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Why Cenk Uygur Needs to Dump the Name ‘The Young Turks’ (Guest Blog)

For some, the name hearkens back to the group that caused the deaths of 1.5 million Armenians

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As a student attending the Wharton School of the University of Pennsylvania, Cenk Uygur penned a paper in which he denied the Armenian Genocide. In his 1991 missive “Historical Fact or Falsehood?” — published in The Daily Pennsylvanian — Uygur argued that the claims of an Armenian Genocide were not based on historical facts and concluded that it was grounded in propaganda.

Uygur joined a dubious club of Turkish apologists who continue to deny the Armenian Genocide, despite historical evidence and eye-witness accounts in what many scholars believe to be the first genocide of the 20th century. While many Americans undoubtedly know little about this part of Uygur’s life, they do know him as the founder and host of the widely popular political and opinion talk show, “The Young Turks.” And if they were to dig deeper, they would find out that the show is named after the architects of the Armenian Genocide.

The Young Turks is often referred to as the reform movement within the Ottoman Empire that sought to replace an absolute monarchy with a constitutional government. The term has been popularized over the years to describe groups of people who are progressive in thought while seeking radical reform. But for families like mine, it represents the worst in human nature. After all, it was The Young Turks who engineered and systemically killed more than 1.5 million Armenians through wholesale massacres and deportations. To this day, Turkey denies any culpability in the Armenian Genocide and has embarked on a decades-long campaign to dismiss and question its validity.

As a grandson to survivors of the Armenian Genocide, I find the name reprehensible and highly insensitive. It’s one of the reasons why the Armenian-American community has campaigned relentlessly and pushed Uygur to change the name of his show to no avail. Sticking to his guns, Uygur has defended the name and has insisted that the name of the show has nothing to do with the Armenian Genocide. But given his history of denial, we should be skeptical of his candor and interpretation of the show’s meaning. When pressed about it, Uygur has claimed that he has come around on this issue and has disavowed his statements and opinions on the veracity of the Armenian Genocide. But if he truly feels that way, then why doesn’t he change the name of the show considering how offensive it means to Armenian-Americans? It only sows more doubt about his true feelings and questions the authenticity behind his apparent epiphany.

The irony behind the name is that “The Young Turks” purports to be a progressive, left-leaning show. But it’s tantamount to naming a program after the Third Reich, Khmer Rogue or the United States of the Confederacy — names that hardly connote open-minded thinking. To his credit, Uygur has built and created a show that reaches a wide and broad audience through emerging media platforms like YouTube and social media sites like Facebook and Twitter. In some ways, his success has come at the expense of Armenian Genocide recognition. The show’s ubiquity is a constant and stark reminder of how far we still need to go in seeking justice and changing public perception. There should be little room or nuance in defending a name that represents and marks one of the darkest chapters in world history. We shouldn’t be celebrating that past, but rather admonishing it.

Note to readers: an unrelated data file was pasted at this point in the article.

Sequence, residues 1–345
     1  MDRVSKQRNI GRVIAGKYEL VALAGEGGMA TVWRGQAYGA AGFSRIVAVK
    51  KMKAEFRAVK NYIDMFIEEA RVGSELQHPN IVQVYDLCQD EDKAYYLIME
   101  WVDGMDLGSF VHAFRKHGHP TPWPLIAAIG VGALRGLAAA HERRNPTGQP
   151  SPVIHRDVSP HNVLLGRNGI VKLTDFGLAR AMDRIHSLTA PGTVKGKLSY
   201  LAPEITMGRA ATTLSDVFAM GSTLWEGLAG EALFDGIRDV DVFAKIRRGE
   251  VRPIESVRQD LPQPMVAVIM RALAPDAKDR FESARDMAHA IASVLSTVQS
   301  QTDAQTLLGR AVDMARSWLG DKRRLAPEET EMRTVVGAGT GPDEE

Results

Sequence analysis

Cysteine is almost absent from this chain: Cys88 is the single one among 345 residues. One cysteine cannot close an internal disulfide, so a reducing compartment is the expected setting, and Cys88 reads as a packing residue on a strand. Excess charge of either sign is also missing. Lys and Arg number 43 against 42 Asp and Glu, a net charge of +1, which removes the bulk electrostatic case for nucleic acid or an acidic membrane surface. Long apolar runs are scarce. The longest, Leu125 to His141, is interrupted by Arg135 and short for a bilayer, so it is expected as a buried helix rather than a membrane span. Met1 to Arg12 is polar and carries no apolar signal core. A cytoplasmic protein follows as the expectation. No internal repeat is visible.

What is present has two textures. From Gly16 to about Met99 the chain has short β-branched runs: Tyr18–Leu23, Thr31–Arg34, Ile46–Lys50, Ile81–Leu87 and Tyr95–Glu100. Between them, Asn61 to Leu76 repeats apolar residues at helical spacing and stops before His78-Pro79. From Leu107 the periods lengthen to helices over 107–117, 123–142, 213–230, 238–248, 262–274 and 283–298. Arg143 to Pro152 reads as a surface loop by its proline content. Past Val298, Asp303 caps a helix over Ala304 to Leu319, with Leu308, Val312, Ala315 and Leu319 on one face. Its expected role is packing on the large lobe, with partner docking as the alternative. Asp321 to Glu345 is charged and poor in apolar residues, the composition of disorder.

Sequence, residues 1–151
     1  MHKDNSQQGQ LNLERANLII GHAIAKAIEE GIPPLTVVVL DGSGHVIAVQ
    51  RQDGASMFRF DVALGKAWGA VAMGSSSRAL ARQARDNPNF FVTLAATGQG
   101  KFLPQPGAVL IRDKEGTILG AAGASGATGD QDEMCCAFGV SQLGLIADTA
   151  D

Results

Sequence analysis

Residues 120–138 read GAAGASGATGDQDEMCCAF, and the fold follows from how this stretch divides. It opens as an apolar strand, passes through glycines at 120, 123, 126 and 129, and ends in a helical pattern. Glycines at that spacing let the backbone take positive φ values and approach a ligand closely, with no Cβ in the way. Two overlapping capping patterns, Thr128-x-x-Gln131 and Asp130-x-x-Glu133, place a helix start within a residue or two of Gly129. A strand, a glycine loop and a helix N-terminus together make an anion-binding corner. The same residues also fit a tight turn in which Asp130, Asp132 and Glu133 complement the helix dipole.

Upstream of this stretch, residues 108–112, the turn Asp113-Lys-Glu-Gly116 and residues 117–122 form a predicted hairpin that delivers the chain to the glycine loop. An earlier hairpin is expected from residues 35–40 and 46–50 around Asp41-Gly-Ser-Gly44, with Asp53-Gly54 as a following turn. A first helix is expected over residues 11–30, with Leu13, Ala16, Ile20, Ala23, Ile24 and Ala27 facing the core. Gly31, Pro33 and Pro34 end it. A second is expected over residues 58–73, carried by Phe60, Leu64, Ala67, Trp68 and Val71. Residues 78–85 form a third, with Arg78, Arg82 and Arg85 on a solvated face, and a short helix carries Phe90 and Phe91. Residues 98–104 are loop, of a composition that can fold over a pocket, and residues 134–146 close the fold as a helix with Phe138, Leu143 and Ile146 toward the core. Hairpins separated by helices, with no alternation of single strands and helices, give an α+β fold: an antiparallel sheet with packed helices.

Over the past couple of months, we’ve witnessed our country finally coming to grips with systemic racism. Through the Black Lives Matter protests and movement, we’re seeing a groundswell of interest in reprioritizing our history and what that symbolism means for our future. Whether it’s redesigning flags that feature the Confederate flag or tearing down statues and renaming military bases after Confederate generals, this reckoning should also be applied to “The Young Turks.” Symbolism can play a large role in how we see ourselves as a society and simply changing names can make a difference.

Acknowledging that we were wrong and are willing to learn from the past can be constructive so that we never repeat it again. It’s not something we can wish away and hope that it finds its way into the dustbin of history.

Uygur still has a chance to be on the right side of history. If he truly believes in the ethos of progressivism then he’ll change the name of his show and make things right. It’s often said that the last stage of genocide is denial. That’s why it’s vitally important that we make recognition of the Armenian Genocide a priority. Honoring those responsible for genocide doesn’t help in those efforts. Names matter.

Stephan Pechdimaldji is a public relations professional who lives in the San Francisco Bay Area. He’s a first-generation Armenian-American and grandson to survivors of the Armenian Genocide.